For P-channel IGFETs, the input voltage polarity and channel effects follow the same rule. That is to say, it takes just the opposite polarity as an N-channel IGFET to either deplete or enhance:
Illustrating the proper biasing polarities with standard IGFET symbols:
When there is zero voltage applied between gate and source, the IGFET will conduct current between source and drain, but not as much current as it would if it were enhanced by the proper gate voltage. This places the depletion-type, or simply D-type, IGFET in a category of its own in the transistor world. Bipolar junction transistors are normally-off devices: with no base current, they block any current from going through the collector. Junction field-effect transistors are normally-on devices: with zero applied gate-to-source voltage, they allow maximum drain current (actually, you can coax a JFET into greater drain currents by applying a very small forward-bias voltage between gate and source, but this should never be done in practice for risk of damaging its fragile PN junction). D-type IGFETs, however, are normally half-on devices: with no gate-to-source voltage, their conduction level is somewhere between cutoff and full saturation. Also, they will tolerate applied gate-source voltages of any polarity, the PN junction being immune from damage due to the insulating barrier and especially the direct connection between source and substrate preventing any voltage differential across the junction.
Ironically, the conduction behavior of a D-type IGFET is strikingly similar to that of an electron tube of the triode/tetrode/pentode variety. These devices were voltage-controlled current regulators that likewise allowed current through them with zero controlling voltage applied. A controlling voltage of one polarity (grid negative and cathode positive) would diminish conductivity through the tube while a voltage of the other polarity (grid positive and cathode negative) would enhance conductivity. I find it curious that one of the later transistor designs invented exhibits the same basic properties of the very first active (electronic) device.
A few SPICE analyses will demonstrate the current-regulating behavior of D-type IGFETs. First, a test with zero input voltage (gate shorted to source) and the power supply swept from 0 to 50 volts. The graph shows drain current:
n-channel igfet characteristic curve m1 1 0 0 0 mod1 vammeter 2 1 dc 0 v1 2 0 .model mod1 nmos vto=-1 .dc v1 0 50 2 .plot dc i(vammeter) .end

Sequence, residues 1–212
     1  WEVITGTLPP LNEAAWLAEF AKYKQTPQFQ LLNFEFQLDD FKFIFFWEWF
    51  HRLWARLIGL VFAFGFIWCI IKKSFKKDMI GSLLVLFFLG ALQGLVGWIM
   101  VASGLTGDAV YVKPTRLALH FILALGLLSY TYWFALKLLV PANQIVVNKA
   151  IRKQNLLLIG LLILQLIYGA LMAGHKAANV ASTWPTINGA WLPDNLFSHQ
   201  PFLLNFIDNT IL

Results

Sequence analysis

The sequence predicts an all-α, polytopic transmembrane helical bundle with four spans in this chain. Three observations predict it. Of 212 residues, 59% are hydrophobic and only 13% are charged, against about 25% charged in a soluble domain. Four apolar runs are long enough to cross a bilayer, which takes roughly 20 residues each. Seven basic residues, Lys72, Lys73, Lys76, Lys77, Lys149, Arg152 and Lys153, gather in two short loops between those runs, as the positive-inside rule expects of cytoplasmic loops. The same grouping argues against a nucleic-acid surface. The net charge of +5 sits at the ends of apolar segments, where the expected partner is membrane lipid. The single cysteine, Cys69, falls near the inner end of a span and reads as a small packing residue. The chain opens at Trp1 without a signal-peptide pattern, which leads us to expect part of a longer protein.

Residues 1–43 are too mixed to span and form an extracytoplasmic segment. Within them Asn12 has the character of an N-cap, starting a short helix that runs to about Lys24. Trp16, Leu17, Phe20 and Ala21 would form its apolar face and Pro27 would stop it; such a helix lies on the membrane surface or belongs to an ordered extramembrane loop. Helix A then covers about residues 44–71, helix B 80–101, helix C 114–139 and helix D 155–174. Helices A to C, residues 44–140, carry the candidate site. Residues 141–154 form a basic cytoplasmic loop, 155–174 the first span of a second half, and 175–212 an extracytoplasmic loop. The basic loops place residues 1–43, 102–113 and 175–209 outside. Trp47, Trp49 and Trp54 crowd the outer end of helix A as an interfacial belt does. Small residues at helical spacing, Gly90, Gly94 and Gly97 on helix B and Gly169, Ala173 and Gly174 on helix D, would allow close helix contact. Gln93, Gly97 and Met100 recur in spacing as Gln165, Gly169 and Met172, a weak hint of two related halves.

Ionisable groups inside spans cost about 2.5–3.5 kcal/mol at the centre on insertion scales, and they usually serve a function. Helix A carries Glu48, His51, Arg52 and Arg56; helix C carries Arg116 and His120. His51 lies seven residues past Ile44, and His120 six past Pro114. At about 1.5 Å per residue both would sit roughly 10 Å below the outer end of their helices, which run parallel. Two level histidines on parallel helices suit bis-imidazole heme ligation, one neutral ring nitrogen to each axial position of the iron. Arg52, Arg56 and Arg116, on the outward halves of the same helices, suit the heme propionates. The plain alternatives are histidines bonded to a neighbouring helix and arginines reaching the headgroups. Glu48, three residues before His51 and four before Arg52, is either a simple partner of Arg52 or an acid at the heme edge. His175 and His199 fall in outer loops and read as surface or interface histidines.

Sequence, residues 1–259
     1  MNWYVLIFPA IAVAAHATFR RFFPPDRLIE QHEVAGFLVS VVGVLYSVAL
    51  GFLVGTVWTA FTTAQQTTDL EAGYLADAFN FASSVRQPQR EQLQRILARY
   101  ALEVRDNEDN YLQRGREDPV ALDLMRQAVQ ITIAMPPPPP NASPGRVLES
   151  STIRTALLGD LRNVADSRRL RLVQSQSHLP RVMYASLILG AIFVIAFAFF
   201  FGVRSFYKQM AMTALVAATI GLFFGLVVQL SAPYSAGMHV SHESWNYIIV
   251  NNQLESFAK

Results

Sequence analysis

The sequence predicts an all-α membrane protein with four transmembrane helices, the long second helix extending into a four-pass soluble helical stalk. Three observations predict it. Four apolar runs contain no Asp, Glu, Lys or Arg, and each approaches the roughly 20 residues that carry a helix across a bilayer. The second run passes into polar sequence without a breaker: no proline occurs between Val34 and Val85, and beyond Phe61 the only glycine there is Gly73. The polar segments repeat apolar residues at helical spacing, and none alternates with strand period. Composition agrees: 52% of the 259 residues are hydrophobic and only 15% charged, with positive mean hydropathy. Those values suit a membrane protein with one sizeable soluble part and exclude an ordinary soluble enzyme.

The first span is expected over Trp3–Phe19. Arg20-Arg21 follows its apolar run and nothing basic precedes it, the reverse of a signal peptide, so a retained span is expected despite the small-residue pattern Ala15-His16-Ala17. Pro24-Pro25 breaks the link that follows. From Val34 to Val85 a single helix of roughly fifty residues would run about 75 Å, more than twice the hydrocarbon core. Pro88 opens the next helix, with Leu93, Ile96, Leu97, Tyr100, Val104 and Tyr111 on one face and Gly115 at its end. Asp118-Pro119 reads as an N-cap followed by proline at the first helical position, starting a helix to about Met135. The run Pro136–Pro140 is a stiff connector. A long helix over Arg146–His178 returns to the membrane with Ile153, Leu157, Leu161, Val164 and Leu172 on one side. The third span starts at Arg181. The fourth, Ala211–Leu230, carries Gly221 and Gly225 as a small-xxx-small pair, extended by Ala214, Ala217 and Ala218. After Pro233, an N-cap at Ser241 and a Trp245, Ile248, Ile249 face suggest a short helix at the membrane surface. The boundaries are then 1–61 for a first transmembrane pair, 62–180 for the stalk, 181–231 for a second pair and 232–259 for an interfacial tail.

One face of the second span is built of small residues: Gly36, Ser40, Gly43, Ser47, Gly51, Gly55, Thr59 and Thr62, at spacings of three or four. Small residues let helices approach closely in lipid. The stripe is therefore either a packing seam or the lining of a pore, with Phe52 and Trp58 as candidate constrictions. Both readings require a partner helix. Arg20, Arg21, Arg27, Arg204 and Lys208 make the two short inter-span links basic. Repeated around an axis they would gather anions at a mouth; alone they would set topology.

Because of their insulated gates, IGFETs of all types have extremely high current gain: there can be no sustained gate current if there is no continuous gate circuit in which electrons may continually flow. The only current we see through the gate terminal of an IGFET, then, is whatever transient (brief surge) may be required to charge the gate-channel capacitance and displace the depletion region as the transistor switches from an "on" state to an "off" state, or vice versa.
This high current gain would at first seem to place IGFET technology at a decided advantage over bipolar transistors for the control of very large currents. If a bipolar junction transistor is used to control a large collector current, there must be a substantial base current sourced or sunk by some control circuitry, in accordance with the β ratio. To give an example, in order for a power BJT with a β of 20 to conduct a collector current of 100 amps, there must be at least 5 amps of base current, a substantial amount of current in itself for miniature discrete or integrated control circuitry to handle:
It would be nice from the standpoint of control circuitry to have power transistors with high current gain, so that far less current is needed for control of load current. Of course, we can use Darlington pair transistors to increase the current gain, but this kind of arrangement still requires far more controlling current than an equivalent power IGFET:
Unfortunately, though, IGFETs have problems of their own controlling high current: they typically exhibit greater drain-to-source voltage drop while saturated than the collector-to-emitter voltage drop of a saturated BJT. This greater voltage drop equates to higher power dissipation for the same amount of load current, limiting the usefulness of IGFETs as high-power devices. Although some specialized designs such as the so-called VMOS transistor have been designed to minimize this inherent disadvantage, the bipolar junction transistor is still superior in its ability to switch high currents.
An interesting solution to this dilemma leverages the best features of IGFETs with the best of features of BJTs, in one device called an Insulated-Gate Bipolar Transistor, or IGBT. Also known as an Bipolar-mode MOSFET, a Conductivity-Modulated Field-Effect Transistor (COMFET), or simply as an Insulated-Gate Transistor (IGT), it is equivalent to a Darlington pair of IGFET and BJT:
In essence, the IGFET controls the base current of a BJT, which handles the main load current between collector and emitter. This way, there is extremely high current gain (since the insulated gate of the IGFET draws practically no current from the control circuitry), but the collector-to-emitter voltage drop during full conduction is as low as that of an ordinary BJT.
One disadvantage of the IGBT over a standard BJT is its slower turn-off time. For fast switching and high current-handling capacity, it's difficult to beat the bipolar junction transistor. Faster turn-off times for the IGBT may be achieved by certain changes in design, but only at the expense of a higher saturated voltage drop between collector and emitter. However, the IGBT provides a good alternative to IGFETs and BJTs for high-power control applications.
Lessons In Electric Circuits copyright (C) 2000-2006 Tony R. Kuphaldt, under the terms and conditions of the semi_a3Design Science License.PreviousContentsNext